His “simple reaction time” is nothing special, but he has amassed a vast “mental database” about big league pitching that effectively enables him to “see into the future.” He guesses — no, he knows — exactly where and when a ball will cross home plate.

In his fascinating book “The Sports Gene,” David Epstein — a senior writer for Sports Illustrated and a former college runner — comes to a compelling if not surprising conclusion: Nature and nurture are both essential ingredients for athletic achievement.

“Sport skill acquisition does not happen without both specific genes and a specific environment, and often the genes and the environment must coincide at a specific time.” Of course, software and environment can cover many factors — fair and unfair.

Distance runners know, for example, that there’s a “sweet spot,” between 6,000 and 9,000 feet, “where the air is thin but not too thin.” Training at that altitude increases lung capacity in a legitimate way.

But others, from cyclists to baseball players, have tried to enhance their “software” through drugs, not dedication, and policing those cheaters is a major problem for many sports.

And over countless generations of natural selection, those Africans reproduced traits well adapted to their environment: long legs, short torsos, narrow pelvic bones.

One small region of Jamaica has produced “an extravagant number of the world’s top sprinters.” Many are descendants of escaped slaves from Africa who created a fierce warrior culture in a remote corner of the island.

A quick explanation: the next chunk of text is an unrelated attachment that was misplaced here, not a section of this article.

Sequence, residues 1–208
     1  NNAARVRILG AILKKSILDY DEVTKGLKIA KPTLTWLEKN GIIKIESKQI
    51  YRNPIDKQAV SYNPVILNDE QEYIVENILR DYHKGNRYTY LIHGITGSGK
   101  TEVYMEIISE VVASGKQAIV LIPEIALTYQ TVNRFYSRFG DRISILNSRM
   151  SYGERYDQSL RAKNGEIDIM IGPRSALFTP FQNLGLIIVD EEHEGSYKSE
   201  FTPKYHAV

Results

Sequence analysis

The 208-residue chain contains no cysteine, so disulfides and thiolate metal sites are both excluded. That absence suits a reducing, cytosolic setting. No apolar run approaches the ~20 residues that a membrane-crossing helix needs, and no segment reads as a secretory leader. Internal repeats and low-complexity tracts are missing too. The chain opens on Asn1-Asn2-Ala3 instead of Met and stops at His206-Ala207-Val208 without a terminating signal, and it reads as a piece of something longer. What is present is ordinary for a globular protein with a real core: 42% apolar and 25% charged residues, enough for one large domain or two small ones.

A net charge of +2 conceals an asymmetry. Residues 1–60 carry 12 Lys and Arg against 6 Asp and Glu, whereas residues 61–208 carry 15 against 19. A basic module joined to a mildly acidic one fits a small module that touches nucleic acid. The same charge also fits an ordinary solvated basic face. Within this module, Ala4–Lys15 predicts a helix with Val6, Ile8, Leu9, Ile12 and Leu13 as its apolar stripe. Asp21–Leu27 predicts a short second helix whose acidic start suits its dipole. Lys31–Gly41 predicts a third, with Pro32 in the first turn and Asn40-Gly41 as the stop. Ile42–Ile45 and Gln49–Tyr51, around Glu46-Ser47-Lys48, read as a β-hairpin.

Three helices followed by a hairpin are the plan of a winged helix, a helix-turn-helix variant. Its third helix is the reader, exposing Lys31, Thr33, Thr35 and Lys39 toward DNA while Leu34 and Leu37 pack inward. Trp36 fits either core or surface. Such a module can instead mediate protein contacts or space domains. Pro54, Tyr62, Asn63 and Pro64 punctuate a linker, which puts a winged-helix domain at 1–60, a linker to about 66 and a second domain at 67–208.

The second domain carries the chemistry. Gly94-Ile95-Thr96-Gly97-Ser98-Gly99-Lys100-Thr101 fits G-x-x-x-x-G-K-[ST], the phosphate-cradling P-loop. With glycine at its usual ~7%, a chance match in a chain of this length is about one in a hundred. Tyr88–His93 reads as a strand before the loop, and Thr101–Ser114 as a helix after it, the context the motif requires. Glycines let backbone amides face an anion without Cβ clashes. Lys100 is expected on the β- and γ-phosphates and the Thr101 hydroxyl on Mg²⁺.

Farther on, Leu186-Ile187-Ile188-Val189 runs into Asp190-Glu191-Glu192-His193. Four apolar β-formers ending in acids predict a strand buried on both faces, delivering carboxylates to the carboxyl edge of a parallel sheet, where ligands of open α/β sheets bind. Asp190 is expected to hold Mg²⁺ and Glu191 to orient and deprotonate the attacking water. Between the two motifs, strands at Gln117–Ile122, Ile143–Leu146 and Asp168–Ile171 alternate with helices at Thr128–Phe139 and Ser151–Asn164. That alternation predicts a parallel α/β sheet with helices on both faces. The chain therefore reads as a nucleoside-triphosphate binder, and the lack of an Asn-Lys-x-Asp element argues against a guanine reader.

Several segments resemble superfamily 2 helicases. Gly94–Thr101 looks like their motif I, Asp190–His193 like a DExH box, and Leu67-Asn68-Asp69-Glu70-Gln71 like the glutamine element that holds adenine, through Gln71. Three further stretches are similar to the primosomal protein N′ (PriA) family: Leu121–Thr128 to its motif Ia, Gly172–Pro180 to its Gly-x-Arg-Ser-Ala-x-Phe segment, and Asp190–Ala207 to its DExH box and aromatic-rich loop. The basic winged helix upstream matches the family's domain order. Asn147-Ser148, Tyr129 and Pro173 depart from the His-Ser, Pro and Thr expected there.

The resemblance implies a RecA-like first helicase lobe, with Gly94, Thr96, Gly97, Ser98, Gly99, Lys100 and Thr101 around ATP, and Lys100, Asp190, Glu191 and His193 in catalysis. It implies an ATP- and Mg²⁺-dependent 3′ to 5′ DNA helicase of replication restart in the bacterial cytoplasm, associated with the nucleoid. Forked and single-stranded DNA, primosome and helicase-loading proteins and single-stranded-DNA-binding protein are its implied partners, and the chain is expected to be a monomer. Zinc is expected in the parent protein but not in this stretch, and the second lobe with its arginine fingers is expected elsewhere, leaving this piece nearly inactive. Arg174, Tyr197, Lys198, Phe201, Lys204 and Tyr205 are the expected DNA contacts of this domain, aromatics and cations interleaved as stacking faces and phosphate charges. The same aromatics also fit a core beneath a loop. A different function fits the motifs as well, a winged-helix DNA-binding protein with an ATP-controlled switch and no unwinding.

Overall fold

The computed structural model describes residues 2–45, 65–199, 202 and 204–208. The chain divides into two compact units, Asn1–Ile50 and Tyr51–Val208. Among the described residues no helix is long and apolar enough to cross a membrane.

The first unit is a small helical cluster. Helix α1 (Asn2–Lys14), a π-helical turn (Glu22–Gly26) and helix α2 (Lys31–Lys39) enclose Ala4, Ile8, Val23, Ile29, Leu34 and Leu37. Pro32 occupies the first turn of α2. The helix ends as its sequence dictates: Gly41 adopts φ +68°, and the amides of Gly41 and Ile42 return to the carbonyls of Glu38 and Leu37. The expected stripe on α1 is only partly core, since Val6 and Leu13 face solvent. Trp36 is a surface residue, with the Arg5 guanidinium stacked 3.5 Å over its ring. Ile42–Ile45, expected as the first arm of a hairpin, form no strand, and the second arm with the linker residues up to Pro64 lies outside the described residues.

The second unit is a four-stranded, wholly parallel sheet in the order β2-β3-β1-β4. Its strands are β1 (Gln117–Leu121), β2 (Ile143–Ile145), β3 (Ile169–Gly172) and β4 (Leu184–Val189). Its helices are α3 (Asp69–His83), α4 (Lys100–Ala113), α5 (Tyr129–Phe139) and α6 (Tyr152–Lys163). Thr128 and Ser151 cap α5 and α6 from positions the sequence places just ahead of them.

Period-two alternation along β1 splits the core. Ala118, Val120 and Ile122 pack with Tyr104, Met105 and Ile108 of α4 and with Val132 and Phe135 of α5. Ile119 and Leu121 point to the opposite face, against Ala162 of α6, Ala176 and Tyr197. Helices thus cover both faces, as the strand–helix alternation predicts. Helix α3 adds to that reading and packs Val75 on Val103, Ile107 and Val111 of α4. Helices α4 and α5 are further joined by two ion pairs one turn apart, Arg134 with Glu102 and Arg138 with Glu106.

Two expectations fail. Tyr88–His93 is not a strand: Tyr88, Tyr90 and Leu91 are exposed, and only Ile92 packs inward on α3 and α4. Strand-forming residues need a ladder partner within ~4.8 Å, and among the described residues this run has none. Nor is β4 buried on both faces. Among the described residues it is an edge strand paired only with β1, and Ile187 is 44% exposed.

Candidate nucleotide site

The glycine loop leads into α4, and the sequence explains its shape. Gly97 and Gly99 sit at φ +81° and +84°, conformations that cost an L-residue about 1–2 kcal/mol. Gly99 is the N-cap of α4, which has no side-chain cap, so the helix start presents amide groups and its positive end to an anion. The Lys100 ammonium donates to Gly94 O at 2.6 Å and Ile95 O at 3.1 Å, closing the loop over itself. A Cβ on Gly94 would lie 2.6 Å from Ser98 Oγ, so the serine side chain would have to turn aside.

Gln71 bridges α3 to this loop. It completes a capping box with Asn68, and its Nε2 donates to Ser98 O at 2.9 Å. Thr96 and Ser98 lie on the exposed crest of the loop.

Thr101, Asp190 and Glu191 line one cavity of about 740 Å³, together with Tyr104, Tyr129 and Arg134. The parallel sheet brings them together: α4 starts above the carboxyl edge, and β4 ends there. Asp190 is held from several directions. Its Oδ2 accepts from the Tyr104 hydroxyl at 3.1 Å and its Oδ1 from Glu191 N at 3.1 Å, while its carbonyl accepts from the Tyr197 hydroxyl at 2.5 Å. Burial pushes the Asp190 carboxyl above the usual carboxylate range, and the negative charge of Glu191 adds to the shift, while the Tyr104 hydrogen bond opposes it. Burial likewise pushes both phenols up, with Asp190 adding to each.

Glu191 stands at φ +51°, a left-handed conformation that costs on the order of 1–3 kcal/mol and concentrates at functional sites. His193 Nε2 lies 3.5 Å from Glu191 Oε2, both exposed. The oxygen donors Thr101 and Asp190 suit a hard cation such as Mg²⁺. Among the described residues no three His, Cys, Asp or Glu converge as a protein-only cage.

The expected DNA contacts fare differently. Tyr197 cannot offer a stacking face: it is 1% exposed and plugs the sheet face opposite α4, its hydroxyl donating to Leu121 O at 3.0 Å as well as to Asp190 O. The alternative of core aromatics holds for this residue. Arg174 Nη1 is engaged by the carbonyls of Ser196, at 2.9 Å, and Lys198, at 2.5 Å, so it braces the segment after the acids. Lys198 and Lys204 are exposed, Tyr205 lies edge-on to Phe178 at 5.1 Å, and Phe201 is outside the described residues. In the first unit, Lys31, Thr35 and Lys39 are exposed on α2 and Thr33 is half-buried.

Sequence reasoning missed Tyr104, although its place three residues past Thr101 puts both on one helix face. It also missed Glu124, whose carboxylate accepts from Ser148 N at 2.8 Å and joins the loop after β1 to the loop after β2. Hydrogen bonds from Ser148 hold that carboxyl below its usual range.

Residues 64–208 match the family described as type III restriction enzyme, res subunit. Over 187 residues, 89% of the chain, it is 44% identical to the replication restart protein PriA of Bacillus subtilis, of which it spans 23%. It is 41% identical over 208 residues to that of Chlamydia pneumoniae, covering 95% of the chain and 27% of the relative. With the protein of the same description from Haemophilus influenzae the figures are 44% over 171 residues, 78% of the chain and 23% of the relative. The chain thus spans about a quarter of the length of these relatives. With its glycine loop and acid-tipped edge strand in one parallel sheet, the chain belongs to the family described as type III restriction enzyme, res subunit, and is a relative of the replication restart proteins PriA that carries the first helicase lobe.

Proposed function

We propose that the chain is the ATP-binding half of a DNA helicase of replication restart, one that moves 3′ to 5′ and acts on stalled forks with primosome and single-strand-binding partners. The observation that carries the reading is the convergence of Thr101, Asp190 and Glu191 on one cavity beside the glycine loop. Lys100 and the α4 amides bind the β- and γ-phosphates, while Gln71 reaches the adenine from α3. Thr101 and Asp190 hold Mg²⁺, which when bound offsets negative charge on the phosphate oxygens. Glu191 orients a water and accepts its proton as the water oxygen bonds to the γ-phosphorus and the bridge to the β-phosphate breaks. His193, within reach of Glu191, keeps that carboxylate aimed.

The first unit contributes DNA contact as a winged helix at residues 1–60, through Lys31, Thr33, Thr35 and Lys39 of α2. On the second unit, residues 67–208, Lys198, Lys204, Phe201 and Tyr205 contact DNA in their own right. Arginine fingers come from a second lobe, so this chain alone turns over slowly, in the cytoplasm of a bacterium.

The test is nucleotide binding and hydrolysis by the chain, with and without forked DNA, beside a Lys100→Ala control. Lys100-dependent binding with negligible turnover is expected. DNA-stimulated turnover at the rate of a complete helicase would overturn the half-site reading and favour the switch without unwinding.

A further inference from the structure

Sports are a huge business with vast profits at stake, and success at the most elite level demands highly specialized and hard-to-find body types — not just sport by sport, but position by position.

“As the expanding universe of sports physiques has sped outward,” Epstein writes, “finding those increasingly rare bodies has fostered an increasingly extensive, and expensive, global talent search.” A

The very tall parents of Yao Ming, the gigantic Chinese basketball player, were “brought together for breeding purposes by the Chinese basketball federation.” An intriguing footnote: Some of world’s best pure athletes are Alaskan sled dogs, and they have been heavily bred for one quality above all — not speed or strength, but desire.

"O’Reilly Data Show Podcast" entries

Like many data scientists, I’m excited about advances in large-scale machine learning, particularly recent success stories in computer vision and speech recognition.

While it can sometimes be nice to mimic nature, in the case of the brain, machine learning researchers recognize that understanding and identifying the essential neural processes is much more critical.

A related example cited by machine learning researchers is flight: wing flapping and feathers aren’t critical, but an understanding of physics and aerodynamics is essential.

She points out that a more meaningful goal should be to “extract and integrate relevant neural processing strategies when applicable, but also identify where there may be opportunities to be more efficient.” The goal in technology shouldn’t be to build algorithms that mimic neural function.

The Sports Gene: Inside the Science of Extraordinary Athletic Performance Paperback – April 29, 2014